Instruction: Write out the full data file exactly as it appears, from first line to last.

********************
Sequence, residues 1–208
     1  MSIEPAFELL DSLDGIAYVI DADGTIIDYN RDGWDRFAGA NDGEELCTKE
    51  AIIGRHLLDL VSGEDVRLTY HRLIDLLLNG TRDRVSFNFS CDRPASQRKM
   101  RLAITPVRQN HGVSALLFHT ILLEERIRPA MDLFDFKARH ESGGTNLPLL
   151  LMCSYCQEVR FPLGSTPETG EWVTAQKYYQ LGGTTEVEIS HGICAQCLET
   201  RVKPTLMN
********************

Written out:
Sequence, residues 1–208
     1  MSIEPAFELL DSLDGIAYVI DADGTIIDYN RDGWDRFAGA NDGEELCTKE
    51  AIIGRHLLDL VSGEDVRLTY HRLIDLLLNG TRDRVSFNFS CDRPASQRKM
   101  RLAITPVRQN HGVSALLFHT ILLEERIRPA MDLFDFKARH ESGGTNLPLL
   151  LMCSYCQEVR FPLGSTPETG EWVTAQKYYQ LGGTTEVEIS HGICAQCLET
   201  RVKPTLMN